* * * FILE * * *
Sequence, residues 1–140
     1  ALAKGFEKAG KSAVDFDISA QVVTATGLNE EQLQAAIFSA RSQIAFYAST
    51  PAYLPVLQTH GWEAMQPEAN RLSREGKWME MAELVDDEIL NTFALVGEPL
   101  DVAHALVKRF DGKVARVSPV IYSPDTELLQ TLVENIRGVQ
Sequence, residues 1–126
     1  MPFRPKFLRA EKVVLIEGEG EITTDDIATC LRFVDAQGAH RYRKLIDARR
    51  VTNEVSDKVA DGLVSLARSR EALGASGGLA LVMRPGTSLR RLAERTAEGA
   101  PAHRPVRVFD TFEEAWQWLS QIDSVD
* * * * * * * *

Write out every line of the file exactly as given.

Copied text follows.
Sequence, residues 1–140
     1  ALAKGFEKAG KSAVDFDISA QVVTATGLNE EQLQAAIFSA RSQIAFYAST
    51  PAYLPVLQTH GWEAMQPEAN RLSREGKWME MAELVDDEIL NTFALVGEPL
   101  DVAHALVKRF DGKVARVSPV IYSPDTELLQ TLVENIRGVQ
Sequence, residues 1–126
     1  MPFRPKFLRA EKVVLIEGEG EITTDDIATC LRFVDAQGAH RYRKLIDARR
    51  VTNEVSDKVA DGLVSLARSR EALGASGGLA LVMRPGTSLR RLAERTAEGA
   101  PAHRPVRVFD TFEEAWQWLS QIDSVD